Lunchbox Theatre’s current offering — a new musical by Joe Slabe called If I Weren’t With You — explores what is likely familiar territory for many married couples: the temptation to break up.
Pam (Katherine Fadum) and Allan (JP Thibodeau) have been married for several years. Their gay friend Steve (Joe Slabe) thinks they have a perfect relationship. In fact, he looks to their marriage as a source of hope and inspiration.
However, not all is as rosy as it seems in the couple’s home. Pam wants some space and Allan feels Pam cramps his style. They temporarily split, much to Steve’s dismay and disappointment — his ideal of coupledom is, essentially, shattered.
While this sounds dramatic, the show has a very light, comic touch. In fact, the audience … Read More
THE REAL MCCOY – WORKSHOP PERFORMANCE
SEPTEMBER 24 AT 7:00 p.m.
FREE OF CHARGE
Taylor Family Digital Library, University of Calgary
Slang phrases are taken for granted in the everyday lexicon. What people fail to remember, however, is that many of these phrases have a place in history
The “the real McCoy” is one example.
Now, Calgary’s Ellipsis Tree Collective (ETC) is shedding light on that phrase — and the man that inspired it — with its upcoming play reading, The Real McCoy.
The Collective’s mandate is to provide opportunities for artists from visible minorities, particularly from the black community. The last main production the Collective staged was Lynn Nottage’s Ruined, an absolutely fabulous piece of theatre.
Since that show in … Read More
The Hideout, by Calgary playwright Andrew Torry, turned out to be an unexpected highlight of my Fringe experience this year. I say "unexpected," because the word "zombies" appeared in the play's description, and if there is one thing I am not into, it is the whole zombie thing. As it turns out, however, I loved this show, because the zombies are more metaphorical devices than anything else, representing the torture a teenage Lee (Brett Dahl) has to undergo courtesy of his abusive mother and callous friend.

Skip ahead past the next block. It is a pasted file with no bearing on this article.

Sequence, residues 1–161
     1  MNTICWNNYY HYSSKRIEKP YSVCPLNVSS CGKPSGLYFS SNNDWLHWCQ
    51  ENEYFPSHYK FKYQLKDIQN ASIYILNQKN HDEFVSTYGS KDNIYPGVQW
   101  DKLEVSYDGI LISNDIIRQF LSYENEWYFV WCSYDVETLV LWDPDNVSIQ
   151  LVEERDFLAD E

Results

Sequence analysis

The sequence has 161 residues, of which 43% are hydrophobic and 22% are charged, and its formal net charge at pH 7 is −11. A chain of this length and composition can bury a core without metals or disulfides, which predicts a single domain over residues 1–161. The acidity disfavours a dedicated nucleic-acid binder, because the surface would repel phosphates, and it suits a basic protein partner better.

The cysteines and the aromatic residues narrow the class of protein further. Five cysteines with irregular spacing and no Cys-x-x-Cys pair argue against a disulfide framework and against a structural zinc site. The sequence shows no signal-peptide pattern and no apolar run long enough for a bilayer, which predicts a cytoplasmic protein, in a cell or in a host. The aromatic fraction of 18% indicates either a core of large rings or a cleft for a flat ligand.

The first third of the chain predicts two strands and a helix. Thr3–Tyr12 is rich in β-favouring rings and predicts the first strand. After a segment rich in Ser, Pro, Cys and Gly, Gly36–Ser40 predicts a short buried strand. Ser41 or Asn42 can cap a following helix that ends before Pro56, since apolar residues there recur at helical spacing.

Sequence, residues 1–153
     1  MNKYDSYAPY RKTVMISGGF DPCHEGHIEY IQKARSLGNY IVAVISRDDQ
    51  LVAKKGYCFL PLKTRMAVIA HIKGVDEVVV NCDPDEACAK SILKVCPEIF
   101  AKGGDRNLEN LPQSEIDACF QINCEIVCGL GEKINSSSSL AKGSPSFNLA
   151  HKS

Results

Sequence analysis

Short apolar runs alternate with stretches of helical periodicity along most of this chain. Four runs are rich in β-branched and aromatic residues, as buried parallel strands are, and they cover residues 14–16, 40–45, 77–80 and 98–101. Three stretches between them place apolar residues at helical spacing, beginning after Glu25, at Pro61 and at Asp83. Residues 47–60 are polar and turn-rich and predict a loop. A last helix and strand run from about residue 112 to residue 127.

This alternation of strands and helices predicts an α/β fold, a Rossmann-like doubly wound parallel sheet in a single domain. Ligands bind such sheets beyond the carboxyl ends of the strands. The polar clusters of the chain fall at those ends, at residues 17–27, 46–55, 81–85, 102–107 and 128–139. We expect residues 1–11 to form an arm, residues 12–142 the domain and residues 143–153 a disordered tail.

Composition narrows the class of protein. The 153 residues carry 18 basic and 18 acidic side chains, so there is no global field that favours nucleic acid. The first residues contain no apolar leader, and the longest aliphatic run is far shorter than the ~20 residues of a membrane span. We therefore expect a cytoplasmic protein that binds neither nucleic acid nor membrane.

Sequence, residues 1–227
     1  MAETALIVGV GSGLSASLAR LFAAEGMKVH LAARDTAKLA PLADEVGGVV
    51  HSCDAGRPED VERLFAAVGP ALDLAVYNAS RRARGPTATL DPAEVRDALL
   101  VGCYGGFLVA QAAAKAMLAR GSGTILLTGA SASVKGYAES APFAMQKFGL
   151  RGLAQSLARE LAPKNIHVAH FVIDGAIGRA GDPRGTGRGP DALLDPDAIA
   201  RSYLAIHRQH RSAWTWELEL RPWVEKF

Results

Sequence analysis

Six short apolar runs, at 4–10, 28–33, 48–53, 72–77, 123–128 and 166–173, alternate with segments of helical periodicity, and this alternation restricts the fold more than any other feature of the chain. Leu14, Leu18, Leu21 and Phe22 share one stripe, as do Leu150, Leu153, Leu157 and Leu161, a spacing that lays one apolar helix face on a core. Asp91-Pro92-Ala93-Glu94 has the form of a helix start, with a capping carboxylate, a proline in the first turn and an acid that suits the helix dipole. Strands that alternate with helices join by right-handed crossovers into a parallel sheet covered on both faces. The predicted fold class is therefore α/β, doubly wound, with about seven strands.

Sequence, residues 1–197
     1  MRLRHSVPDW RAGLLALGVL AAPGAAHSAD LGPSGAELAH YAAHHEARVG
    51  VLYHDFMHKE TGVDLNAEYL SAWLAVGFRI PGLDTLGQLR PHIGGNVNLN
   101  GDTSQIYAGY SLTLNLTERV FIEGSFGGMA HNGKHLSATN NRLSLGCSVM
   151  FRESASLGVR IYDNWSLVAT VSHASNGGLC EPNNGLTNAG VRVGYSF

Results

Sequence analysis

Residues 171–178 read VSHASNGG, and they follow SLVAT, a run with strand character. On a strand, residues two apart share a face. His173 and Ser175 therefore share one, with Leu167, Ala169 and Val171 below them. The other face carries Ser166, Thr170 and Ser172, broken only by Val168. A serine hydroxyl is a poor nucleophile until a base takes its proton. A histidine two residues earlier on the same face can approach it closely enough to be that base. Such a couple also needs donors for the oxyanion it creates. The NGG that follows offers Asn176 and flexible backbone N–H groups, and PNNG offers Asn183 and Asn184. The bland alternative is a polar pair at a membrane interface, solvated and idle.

Dahl gives a very committed and believable performance that kept me engaged for the entire 60 minutes of the show. I cared about Lee — thanks to the acting and the well-written script — and I felt his pain. The … Read More
Lantern Church Gym
Based on the title alone, Aerial Allusions sounds promising. According to the promotional literature, the show is “a journey looking into the perspective of humanity through feminine / masculine viewpoints.”
I hate to say it, but if that’s what Aerial Allusions is supposed to be about, it sure doesn’t deliver.
The show opens with an attempt at a deep, philosophical monologue that asks the question, “What is humanity?” but, frankly, it comes across as amateurish. The young face of the male actor delivering it further makes it hard to buy into the jaded viewpoint he offers.
To begin with, the “humanity” the show explores is merely a romantic relationship. The so-called “masculine viewpoint” is one of … Read More
BURNT AT THE STEAK
I cannot say enough good things about Carolann Valentino’s one-woman comedy, Burnt at the Steak. Sure, this show isn’t a piece of deep, probing theatre, but it is a ton of fun.
Valentino recounts her days as manager of a multi-million-dollar steakhouse in New York City in a very entertaining fashion. (She moves to New York from Texas to pursue her ambition of being a performer, but the security of the steakhouse paycheque distracts her – temporarily – from following her dream.)
She assumes a number of humourous characters throughout the show, all whom she met – or worked with – at the steakhouse. There’s the bimbo hostess, the amorous, drunk patron, the European woman who is dining sans “knickers,” and the … Read More
Martha Cohen Theatre